This post by Jill Schlesinger originally appeared on CBS' MoneyWatch.com.
The US stock market was down the first two days of October, which has been a month of some scary markets for investors. Sure, statistically speaking, September has actually been the worst month for stocks, but October has seen some wild rides.
There was October, 1929 and October, 1987 when stocks had single day crashes. But last year, stocks dropped by 15% in October. But it's also worth noting that October can be a turnaround month, like in October, 2002, which marked the end of the 2000-2002 bear market.
What is it about October? According to market historians, October's financial woes date back to agrarian times, when changes in the markets could be linked to the crop cycle. During the harvest, money would leave the major banks to pay for food and grain, which in turn, put pressure on financial markets, making them vulnerable to panics.
That doesn't explain the modern October phenomenon - some pin that to earnings season. October is the month when companies report 3rd quarter earnings and perhaps of greater importance, provide their outlooks for the 4th quarter and the year ahead.
This brings us to the week ahead. The quarterly confessional should help us gauge where we are in this so-called recovery. Corporate profitability is an important measure of the economy's health - when the economy is growing, companies should make more money.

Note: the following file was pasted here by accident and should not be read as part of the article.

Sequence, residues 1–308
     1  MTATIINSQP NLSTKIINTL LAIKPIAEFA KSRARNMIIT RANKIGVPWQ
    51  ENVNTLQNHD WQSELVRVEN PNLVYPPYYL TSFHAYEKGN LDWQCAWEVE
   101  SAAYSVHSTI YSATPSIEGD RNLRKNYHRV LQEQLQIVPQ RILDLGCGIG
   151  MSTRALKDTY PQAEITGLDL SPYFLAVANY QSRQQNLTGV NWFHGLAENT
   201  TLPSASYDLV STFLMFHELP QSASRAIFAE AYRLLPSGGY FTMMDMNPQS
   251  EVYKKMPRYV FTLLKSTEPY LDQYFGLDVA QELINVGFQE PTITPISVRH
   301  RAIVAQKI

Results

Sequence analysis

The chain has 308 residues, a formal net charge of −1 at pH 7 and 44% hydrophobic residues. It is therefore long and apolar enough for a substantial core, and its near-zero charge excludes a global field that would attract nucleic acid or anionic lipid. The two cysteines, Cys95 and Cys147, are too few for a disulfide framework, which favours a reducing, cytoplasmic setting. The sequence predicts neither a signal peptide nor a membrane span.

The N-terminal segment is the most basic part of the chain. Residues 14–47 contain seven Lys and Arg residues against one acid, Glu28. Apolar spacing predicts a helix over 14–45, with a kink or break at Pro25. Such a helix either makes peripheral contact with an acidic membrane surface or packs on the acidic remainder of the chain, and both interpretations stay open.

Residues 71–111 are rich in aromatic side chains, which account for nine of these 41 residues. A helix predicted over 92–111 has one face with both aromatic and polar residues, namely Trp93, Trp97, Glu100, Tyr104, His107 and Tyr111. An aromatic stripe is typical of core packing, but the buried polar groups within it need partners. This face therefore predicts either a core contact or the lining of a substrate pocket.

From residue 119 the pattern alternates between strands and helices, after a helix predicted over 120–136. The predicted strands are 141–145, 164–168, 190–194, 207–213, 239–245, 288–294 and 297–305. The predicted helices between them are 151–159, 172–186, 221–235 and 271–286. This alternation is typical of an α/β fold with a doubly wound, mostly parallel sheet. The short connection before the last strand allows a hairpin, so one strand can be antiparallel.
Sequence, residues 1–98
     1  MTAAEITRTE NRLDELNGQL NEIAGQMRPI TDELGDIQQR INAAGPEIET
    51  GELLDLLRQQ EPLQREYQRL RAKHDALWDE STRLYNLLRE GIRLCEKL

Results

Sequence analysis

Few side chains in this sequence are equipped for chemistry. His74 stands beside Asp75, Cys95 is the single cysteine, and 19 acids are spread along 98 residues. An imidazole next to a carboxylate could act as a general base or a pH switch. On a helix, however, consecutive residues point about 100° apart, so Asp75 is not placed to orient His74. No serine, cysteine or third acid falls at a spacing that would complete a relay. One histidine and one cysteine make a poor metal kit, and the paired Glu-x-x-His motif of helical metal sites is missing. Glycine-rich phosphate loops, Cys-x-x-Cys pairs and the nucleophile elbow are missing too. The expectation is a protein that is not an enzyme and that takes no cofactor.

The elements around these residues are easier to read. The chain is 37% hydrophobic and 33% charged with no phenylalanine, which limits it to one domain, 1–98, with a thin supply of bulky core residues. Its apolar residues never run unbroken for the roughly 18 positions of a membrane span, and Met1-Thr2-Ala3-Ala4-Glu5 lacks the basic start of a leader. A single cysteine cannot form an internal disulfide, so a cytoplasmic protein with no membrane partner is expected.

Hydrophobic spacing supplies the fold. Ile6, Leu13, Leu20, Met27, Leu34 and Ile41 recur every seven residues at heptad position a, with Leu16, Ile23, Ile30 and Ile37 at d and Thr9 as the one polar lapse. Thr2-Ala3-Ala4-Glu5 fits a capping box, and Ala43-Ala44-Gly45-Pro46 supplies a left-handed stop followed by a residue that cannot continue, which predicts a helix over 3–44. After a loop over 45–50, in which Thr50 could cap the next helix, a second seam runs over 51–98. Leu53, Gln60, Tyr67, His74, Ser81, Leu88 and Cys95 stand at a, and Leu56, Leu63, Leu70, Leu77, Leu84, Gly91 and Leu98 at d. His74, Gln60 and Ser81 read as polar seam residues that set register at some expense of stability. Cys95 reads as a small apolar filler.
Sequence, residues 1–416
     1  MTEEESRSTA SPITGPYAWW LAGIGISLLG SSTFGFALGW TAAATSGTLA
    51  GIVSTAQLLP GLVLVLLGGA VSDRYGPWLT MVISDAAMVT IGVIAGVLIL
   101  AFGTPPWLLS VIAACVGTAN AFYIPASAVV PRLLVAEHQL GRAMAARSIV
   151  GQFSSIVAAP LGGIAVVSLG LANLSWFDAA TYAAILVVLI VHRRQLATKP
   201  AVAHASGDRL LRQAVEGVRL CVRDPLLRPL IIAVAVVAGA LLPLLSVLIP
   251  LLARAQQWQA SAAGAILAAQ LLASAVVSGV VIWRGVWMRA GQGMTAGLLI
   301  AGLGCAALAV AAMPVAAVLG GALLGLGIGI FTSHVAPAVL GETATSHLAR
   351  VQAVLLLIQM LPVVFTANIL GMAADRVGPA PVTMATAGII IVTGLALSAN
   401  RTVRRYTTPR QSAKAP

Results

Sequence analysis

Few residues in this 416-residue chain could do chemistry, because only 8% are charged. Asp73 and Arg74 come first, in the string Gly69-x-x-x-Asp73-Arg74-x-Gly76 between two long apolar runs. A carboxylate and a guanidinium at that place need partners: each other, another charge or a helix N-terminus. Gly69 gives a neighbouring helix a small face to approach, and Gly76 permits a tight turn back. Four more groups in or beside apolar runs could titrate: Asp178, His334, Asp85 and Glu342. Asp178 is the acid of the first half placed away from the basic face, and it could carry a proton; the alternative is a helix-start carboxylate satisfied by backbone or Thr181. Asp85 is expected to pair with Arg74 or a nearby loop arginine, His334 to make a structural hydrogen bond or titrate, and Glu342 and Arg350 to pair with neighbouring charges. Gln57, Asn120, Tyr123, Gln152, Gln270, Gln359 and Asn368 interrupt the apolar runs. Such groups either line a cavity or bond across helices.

For the past couple of quarters, companies have increased profits by cutting costs, i.e. by laying off workers. Going forward, we want to see sales and increased revenues that are driven by consumer spending. When that cycle returns, businesses will start hiring again. Companies will hire only when they absolutely need to do so. That's only going to happen when consumers open their wallets and start spending.
During this earnings season, we may get some clues about the timing of employment turning. Listen to what companies say about the 4th quarter and 2010. If they're more upbeat because they anticipate a pickup in spending, that could signal a potential loosening up of labor markets. If we don't see the economy gain traction in this bottoming process, then you might start to hear chatter about a second stimulus plan.
In assessing the spookiness of this October, it's also helpful to provide context. In the big picture, while we are concerned about the jobs situation this October, we're not panic-stricken like we were a year ago. Exactly a year and two days ago, Congress approved and the President signed TARP because the consensus was that the entire financial system was on the verge of collapse. Thankfully, that's not the case this year.
As far as markets go, this October we're coming off a strong third quarter (the best for the Dow since 1998), punctuated by a good September. (Parenthetically, strong Septembers have historically boded well for October.) With all of that said, whether it's January, July or October, investors should apply the same rules:
1. Create a financial game plan
2. Be clear about your time horizon
3. Understand your risk tolerance
4. Adhere to your personal allocation, not anyone else's!
Just for good measure, keep your fingers crossed that we get through Halloween without too many market scares!